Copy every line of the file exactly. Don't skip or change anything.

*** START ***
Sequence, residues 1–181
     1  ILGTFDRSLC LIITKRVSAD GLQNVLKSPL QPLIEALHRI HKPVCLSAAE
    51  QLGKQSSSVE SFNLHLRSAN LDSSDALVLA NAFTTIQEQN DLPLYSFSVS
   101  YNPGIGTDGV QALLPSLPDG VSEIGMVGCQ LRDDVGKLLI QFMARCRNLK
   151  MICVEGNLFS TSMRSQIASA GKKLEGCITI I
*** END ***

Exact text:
Sequence, residues 1–181
     1  ILGTFDRSLC LIITKRVSAD GLQNVLKSPL QPLIEALHRI HKPVCLSAAE
    51  QLGKQSSSVE SFNLHLRSAN LDSSDALVLA NAFTTIQEQN DLPLYSFSVS
   101  YNPGIGTDGV QALLPSLPDG VSEIGMVGCQ LRDDVGKLLI QFMARCRNLK
   151  MICVEGNLFS TSMRSQIASA GKKLEGCITI I